Microsoft Azure – 7 things to know

By Ryan Barton | September 23, 2016

Microsoft Azure logoMicrosoft has set its sights on Amazon and Google and is making no secret of its business plan to dominate the business cloud market.  Have a Windows server? A desktop or laptop running Windows? Microsoft wants your data, your operations, your business on its cloud.

That cloud is called Microsoft Azure.  It was launched in 2010.  Now, in 2016, we believe it is ready for serious consideration by most businesses.

Here are 7 things you should know about Microsoft Azure.

1. It is increasingly ready for primetime.

We have been testing Azure for years. We always test from the perspective of our SMB clients and what fits their operations. Even 2 years ago, we found it necessary to work with smaller cloud providers or internal infrastructure in order to get the level of uptime, security, and network flexibility our clients needed.  Today, that is no longer the case, and we are seeing Azure as a fit for an increasing number of organizations and business use cases.

2. It is growing rapidly.

Microsoft’s business model rests on the cloud and subscription services.  Office 365, monthly software subscriptions, Azure… this is Microsoft’s focus. They are pouring billions (over $15b to date) into Azure.  They are opening goliath sized datacenters around the world, improving the core technologies, establishing groundbreaking partnerships, and customizing their software to be tuned for Azure.

3. Security is a significant focus.

Azure meets (and is certified in) an impressive range of security qualifications – more than any other cloud service provider. From HIPAA to SOC 3, CJIS to ISO 27001, FERPA to NIST.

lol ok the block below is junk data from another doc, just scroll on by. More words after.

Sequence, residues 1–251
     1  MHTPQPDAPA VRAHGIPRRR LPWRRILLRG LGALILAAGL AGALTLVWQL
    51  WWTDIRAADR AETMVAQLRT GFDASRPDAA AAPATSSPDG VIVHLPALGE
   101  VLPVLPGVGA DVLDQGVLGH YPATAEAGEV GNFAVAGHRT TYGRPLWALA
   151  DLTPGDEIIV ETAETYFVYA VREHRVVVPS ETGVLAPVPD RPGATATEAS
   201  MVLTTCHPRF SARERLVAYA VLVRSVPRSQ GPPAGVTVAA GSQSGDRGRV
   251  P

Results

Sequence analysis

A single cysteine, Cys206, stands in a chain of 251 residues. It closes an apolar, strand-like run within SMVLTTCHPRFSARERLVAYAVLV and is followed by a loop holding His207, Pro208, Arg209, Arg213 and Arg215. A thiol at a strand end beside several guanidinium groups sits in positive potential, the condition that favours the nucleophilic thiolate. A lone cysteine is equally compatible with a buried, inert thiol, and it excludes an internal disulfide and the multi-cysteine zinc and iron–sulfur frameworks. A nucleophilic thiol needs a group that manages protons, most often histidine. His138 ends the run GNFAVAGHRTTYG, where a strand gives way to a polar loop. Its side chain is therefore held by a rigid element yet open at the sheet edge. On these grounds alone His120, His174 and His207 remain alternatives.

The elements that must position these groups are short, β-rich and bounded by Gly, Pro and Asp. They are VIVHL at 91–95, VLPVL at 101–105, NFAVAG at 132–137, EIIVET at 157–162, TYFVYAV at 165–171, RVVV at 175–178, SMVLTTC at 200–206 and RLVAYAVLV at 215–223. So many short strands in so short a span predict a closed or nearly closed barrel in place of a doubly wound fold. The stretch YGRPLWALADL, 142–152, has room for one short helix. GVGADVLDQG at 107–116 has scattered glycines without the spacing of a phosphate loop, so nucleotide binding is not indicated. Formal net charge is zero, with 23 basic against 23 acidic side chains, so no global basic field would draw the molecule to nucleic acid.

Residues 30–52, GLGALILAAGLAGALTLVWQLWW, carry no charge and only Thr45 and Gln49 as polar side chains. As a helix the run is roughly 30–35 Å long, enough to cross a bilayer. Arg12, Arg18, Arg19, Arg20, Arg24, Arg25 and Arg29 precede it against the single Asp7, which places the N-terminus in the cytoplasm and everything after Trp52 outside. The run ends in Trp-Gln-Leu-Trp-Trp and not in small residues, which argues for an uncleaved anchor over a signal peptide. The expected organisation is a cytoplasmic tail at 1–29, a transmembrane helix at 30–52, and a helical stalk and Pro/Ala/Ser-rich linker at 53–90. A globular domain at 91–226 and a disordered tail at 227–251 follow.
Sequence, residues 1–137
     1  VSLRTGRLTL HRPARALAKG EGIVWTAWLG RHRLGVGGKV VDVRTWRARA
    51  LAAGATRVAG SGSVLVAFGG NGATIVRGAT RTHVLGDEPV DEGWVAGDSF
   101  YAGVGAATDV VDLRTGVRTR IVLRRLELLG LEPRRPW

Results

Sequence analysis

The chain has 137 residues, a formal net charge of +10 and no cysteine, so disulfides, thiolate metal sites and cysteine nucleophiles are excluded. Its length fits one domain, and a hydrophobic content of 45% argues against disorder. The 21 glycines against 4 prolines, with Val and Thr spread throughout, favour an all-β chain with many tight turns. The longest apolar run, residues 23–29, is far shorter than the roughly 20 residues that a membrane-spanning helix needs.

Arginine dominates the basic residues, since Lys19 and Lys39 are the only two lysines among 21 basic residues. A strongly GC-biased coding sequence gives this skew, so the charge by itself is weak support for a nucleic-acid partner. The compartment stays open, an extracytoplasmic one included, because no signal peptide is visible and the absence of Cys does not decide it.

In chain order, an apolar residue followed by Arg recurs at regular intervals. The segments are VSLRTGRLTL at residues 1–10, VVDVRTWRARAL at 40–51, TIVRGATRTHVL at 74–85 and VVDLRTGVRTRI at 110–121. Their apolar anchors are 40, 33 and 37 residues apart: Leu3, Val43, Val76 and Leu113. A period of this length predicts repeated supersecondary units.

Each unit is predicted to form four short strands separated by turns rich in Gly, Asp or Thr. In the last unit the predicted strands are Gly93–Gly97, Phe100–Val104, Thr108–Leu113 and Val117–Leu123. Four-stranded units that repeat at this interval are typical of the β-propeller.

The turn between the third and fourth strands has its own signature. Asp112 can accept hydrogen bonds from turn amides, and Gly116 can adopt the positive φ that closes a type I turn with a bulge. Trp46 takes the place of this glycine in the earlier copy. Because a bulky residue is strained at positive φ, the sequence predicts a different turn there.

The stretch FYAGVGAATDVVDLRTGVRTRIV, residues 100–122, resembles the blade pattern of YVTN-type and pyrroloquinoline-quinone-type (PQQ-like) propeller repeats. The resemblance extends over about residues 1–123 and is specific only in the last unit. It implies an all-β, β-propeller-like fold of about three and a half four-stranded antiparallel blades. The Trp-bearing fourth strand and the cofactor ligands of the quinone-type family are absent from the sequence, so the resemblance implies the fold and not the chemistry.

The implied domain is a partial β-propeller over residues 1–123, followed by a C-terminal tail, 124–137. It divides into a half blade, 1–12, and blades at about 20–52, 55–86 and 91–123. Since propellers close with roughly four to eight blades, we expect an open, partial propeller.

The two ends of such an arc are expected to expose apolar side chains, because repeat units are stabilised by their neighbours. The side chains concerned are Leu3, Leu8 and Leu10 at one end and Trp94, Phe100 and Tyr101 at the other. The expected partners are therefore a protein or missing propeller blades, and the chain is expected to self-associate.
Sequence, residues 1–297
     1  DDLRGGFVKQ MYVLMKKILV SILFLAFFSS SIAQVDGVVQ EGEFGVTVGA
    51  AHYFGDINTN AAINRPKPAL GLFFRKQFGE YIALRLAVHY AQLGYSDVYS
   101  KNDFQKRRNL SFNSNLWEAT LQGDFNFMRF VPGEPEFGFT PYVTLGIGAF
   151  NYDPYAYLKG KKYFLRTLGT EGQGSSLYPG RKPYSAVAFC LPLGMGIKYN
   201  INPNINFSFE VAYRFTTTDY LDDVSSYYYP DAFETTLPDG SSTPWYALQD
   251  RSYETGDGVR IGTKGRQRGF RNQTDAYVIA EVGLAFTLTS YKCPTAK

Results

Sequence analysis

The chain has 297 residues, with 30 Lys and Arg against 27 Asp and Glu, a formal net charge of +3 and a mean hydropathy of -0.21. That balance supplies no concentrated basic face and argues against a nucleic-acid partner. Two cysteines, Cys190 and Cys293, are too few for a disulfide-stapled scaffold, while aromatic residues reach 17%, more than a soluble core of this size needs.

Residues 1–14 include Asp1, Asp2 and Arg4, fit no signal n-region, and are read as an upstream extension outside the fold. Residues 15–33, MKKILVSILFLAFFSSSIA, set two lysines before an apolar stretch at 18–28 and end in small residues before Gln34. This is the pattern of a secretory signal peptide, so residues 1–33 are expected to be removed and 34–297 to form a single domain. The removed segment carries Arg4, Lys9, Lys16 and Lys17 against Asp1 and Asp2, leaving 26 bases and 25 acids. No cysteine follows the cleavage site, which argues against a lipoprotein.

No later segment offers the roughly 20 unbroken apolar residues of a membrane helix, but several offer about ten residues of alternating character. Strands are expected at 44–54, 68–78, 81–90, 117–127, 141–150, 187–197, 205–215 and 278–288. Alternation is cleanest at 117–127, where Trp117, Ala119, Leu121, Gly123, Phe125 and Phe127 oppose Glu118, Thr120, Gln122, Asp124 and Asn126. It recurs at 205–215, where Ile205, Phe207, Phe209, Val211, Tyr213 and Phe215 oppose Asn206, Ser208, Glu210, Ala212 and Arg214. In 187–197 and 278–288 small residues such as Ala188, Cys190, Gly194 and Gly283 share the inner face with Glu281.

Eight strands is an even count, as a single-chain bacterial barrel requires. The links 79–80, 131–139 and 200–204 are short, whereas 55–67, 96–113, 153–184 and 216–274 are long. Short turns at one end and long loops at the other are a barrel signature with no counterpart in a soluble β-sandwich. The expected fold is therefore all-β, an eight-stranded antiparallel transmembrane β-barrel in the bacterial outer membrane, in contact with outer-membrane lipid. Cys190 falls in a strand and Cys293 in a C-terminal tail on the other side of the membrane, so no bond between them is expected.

4. Microsoft recently announced a partnership with Citrix.

Citrix and Microsoft are partnering to more effectively publish applications and desktops (engineers: Microsoft has even given Citrix exclusive ability for Windows 10 VDI on Azure). Translation: It is becoming cheaper, faster, and more reasonable to host all your servers, applications, and even desktops on Azure and access them anywhere, anytime. 

5. ROI needs to be calculated carefully.

Azure (as any cloud service) represents a recurring cost for business.  Rather than investing $10,000 in a server replacement project ever 5 years, spend $600 per month to consume the service as you need.  In this scenario, it’s easy to see how much more expensive Azure appears (60 months * $600 per month = $36,000, as opposed to the $10,000 local server cost).  However, those calculations change when factoring in power consumption, offsite backups, business continuity costs, downtime costs, and the like.  Full cost comparisons are required to properly evaluate the cost differences. 

6. There are multiple uses cases for Azure.

It isn’t all-or-nothing. An organization typically starts by moving individual services: email to Office 365, backups to the cloud (benefitting from full business continuity) and the like.  Hybrid infrastructures (some local services, some in the cloud) can be highly effective.  Azure should be considered for Disaster Recovery, application hosting, web hosting, full environment hosting, and even desktop hosting.

7. You can leverage additional resources by working with a Cloud Solution Provider.

Microsoft established the CSP (Cloud Solution Provider) program to enable companies like Mainstay to provide additional value to clients, and to help clients move to the cloud in an effective way.  Mainstay is a Tier 1 Cloud Solution Provider and is able to provide additional Azure management and consulting services at no extra cost to our clients as a result.

 A conversation is easy. Interested in learning more about migrating to Azure? Mainstay can help you evaluate or migrate, and we’d love to talk today!

Leave a Comment